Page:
Anderson: We work on various program analysis tools and techniques including static and dynamic analysis for both source code and object code, with applications in software assurance, security and protection. One project is aimed at protecting users from potentially malicious code by monitoring it during execution and preventing it from doing harm. A related project combines static and dynamic techniques to do a sort of intelligent fuzzing to automatically generate test cases that yield very high code coverage.
VDC: If you were to take a look a look into your crystal ball, how do see the opportunities for the embedded software market shaping up as we head toward 2013?
Anderson: I have already mentioned two major trends: concurrency and security; demand for tools to help with these aspects of development will probably increase. The use of Eclipse— the open-source IDE — is growing rapidly; it has been the dominant IDE for Java for years, and support for C/C++ is now mature. It integrates tightly with debuggers, profilers, version control systems, and other tools so it can boost programmer productivity enormously. I would expect tool-chain vendors to improve their integration with Eclipse to take advantage of this great resource.
VDC: Thank you Paul.
Interested in participating in VDC’s “The Embedded Software Beat” series of interviews? Please reach out and let us know.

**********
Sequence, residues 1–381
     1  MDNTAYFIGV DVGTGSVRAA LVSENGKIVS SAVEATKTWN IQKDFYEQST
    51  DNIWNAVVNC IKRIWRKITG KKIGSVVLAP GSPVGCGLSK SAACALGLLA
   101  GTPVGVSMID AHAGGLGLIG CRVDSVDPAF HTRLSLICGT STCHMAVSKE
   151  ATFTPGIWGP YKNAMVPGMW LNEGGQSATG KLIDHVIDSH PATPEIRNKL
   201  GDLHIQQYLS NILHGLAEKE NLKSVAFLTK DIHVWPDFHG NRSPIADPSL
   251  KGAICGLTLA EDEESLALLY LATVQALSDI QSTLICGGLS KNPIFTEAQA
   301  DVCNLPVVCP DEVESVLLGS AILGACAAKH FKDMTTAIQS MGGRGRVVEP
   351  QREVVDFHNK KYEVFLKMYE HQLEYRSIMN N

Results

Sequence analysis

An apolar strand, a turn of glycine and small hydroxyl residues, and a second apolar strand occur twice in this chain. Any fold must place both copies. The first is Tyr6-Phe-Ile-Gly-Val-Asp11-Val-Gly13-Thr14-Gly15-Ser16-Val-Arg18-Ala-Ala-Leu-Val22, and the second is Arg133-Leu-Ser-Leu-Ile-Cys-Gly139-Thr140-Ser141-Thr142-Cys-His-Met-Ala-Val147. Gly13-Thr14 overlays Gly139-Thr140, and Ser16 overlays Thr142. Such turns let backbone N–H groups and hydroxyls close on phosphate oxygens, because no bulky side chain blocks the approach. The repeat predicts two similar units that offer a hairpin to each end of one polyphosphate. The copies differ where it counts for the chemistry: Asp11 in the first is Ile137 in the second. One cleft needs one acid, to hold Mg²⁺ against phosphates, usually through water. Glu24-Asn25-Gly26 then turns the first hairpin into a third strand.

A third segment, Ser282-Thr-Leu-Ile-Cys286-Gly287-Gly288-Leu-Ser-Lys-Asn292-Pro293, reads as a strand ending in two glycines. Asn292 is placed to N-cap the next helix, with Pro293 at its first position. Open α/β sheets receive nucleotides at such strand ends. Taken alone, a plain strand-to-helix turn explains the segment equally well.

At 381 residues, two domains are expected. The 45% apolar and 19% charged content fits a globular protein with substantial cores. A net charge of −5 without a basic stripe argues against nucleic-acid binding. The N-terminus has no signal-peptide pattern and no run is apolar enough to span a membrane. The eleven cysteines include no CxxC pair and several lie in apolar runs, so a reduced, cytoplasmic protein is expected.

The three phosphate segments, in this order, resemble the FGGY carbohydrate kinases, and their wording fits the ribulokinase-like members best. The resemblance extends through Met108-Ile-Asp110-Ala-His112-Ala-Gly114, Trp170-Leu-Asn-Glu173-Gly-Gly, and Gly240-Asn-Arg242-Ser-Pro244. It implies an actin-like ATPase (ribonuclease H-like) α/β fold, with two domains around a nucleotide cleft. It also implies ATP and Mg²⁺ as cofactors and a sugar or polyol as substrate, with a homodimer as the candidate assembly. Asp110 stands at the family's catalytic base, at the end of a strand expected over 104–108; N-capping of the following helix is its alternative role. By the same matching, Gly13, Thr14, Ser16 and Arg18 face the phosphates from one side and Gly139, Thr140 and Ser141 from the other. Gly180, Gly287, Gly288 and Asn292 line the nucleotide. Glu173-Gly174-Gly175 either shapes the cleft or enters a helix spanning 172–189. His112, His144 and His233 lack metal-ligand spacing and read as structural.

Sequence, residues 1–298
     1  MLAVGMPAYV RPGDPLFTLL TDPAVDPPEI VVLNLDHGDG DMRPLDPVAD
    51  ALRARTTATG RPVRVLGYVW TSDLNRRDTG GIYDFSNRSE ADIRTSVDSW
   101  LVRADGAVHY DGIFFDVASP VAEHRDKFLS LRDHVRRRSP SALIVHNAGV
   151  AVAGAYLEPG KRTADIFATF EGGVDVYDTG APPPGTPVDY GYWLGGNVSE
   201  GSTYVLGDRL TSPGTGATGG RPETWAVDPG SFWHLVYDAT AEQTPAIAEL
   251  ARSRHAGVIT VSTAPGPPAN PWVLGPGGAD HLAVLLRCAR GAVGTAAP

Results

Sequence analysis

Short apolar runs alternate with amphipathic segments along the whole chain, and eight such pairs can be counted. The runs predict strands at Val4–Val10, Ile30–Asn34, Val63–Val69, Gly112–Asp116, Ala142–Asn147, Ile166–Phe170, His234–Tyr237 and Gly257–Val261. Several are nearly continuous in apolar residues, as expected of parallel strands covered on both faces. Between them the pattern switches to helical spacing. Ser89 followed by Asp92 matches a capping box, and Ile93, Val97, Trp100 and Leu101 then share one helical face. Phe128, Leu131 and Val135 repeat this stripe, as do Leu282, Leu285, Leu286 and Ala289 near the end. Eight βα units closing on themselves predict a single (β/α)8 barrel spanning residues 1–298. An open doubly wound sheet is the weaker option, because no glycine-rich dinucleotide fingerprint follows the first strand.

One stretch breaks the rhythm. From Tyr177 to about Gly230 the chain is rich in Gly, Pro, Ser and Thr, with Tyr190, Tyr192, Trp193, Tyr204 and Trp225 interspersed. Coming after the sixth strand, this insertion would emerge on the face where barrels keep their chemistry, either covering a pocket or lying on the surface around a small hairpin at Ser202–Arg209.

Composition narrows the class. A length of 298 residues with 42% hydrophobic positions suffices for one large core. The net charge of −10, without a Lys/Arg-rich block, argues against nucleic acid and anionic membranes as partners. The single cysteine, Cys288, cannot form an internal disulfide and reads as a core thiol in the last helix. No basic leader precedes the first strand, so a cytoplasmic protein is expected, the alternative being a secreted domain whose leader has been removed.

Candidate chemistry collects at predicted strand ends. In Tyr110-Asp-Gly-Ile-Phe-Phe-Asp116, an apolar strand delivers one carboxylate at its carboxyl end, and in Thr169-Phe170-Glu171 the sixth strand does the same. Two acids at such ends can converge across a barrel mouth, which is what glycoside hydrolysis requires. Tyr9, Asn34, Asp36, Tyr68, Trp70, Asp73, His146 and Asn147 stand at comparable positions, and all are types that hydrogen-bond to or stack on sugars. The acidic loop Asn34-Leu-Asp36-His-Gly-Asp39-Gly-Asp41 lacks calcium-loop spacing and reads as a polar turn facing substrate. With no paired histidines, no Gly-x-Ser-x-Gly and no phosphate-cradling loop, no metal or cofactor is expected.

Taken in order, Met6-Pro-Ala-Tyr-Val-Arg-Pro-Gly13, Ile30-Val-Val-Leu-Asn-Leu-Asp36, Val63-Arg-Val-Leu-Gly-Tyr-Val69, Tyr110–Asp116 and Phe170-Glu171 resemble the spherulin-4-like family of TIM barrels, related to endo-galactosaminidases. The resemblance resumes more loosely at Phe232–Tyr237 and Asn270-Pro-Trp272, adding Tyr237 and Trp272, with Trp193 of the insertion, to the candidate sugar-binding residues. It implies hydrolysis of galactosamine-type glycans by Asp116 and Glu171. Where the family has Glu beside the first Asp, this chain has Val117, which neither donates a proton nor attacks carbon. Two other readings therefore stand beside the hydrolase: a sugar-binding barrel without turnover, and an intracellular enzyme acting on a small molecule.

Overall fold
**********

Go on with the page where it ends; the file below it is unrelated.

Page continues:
Paul Anderson is VP of Engineering at GrammaTech. He received his B.Sc. from Kings College, University of London and his Ph.D. in computer science from City University London. Paul manages GrammaTech's engineering team and is the architect of the company's static-analysis tools. He has helped a wide variety of organizations, including NASA, the FDA, the FAA, MITRE, Draper Laboratory, GE, Lockheed Martin, and Boeing, apply automated code analysis to critical projects. Paul has worked in the software industry for 16 years, with most of his experience focused on developing static-analysis, automated-testing, and program-transformation tools. A significant portion of his work has involved applying program analysis to improve security. His research on static analysis tools and techniques has been reported in numerous articles, journal publications, book chapters, and international conferences.